EMDR as a treatment for test anxiety
We assigned sixty-two test-anxious undergraduates to eye movement desensitization and reprocessing (EMDR), rational emotive therapy (RET), and information only, which were administered in a single session by trained, "blind" therapists. At posttest, EMDR was most effective in reducing distress whereas RET decreased global test anxiety more than information only. These results may reflect the differential impact of EMDR and RET on verbalized distress and on combined affective and cognitive dimensions of test anxiety, respectively. Perceptions of therapist credibility and helpfulness of treatment moderated the results. We discuss the clinical and research implications of these findings.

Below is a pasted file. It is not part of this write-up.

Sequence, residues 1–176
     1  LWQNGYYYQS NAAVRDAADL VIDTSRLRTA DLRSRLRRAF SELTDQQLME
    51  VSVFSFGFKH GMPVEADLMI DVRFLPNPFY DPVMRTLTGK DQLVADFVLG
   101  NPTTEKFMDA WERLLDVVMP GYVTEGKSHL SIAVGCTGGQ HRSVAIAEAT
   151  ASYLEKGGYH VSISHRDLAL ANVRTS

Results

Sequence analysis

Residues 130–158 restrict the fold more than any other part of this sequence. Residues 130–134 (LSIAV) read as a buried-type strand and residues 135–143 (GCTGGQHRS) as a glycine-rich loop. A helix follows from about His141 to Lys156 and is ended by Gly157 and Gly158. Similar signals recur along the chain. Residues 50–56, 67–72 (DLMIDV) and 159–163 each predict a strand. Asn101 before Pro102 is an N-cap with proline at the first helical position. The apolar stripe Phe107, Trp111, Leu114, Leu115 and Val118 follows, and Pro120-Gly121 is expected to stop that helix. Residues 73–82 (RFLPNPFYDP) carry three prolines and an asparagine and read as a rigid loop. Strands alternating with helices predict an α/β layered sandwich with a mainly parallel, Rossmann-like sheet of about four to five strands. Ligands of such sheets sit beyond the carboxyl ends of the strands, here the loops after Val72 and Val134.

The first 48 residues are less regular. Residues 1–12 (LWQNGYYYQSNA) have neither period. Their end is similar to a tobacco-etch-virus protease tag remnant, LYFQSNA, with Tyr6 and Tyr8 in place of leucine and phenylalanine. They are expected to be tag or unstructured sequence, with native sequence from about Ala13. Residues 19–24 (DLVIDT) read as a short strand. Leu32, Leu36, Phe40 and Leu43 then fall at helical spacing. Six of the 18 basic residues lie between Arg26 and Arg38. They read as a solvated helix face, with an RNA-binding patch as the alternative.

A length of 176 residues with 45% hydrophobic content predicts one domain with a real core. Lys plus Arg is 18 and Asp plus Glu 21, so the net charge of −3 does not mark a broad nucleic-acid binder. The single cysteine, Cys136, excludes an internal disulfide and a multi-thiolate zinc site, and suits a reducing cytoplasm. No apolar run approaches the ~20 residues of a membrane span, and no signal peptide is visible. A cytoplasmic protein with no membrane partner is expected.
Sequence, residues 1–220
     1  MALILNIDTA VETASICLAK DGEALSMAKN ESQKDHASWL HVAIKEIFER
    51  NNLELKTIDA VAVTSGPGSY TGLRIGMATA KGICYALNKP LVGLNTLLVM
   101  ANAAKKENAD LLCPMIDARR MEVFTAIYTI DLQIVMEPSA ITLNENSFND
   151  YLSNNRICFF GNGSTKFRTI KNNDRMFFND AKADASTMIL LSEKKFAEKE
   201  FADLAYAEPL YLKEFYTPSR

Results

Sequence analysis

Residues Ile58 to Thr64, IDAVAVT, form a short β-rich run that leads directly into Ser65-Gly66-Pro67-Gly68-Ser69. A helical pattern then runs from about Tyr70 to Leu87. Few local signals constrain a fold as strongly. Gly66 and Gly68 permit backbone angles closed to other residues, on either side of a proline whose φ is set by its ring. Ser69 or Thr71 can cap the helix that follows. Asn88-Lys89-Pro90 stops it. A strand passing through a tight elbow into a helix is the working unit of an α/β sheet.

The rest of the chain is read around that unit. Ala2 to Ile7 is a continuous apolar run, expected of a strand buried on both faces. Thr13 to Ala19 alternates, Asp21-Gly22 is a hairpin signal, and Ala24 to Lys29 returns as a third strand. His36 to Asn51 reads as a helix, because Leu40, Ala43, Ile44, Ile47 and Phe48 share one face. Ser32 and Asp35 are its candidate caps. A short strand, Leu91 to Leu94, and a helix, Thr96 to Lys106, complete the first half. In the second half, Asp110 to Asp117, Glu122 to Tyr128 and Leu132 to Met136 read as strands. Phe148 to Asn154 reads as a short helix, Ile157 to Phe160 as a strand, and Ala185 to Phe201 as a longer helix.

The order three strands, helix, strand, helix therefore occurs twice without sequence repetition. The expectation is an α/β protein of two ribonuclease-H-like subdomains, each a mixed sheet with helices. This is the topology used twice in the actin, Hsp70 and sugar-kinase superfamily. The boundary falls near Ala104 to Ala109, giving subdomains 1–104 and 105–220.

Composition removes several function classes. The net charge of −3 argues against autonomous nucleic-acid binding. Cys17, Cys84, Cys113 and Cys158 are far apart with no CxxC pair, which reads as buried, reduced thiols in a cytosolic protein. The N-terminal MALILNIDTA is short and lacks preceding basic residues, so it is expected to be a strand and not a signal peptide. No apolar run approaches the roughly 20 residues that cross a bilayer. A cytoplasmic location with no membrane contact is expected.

Original Work Citation
Stevens, M. J., & Florell, D. W. (1999). EMDR as a treatment for test anxiety. Imagination, Cognition and Personality, 18(4), 285-296. doi:10.2190/FJWQ-HKQQ-UEJW-6VLH
“EMDR as a treatment for test anxiety,” Francine Shapiro Library, accessed November 23, 2020, https://emdria.omeka.net/items/show/16016.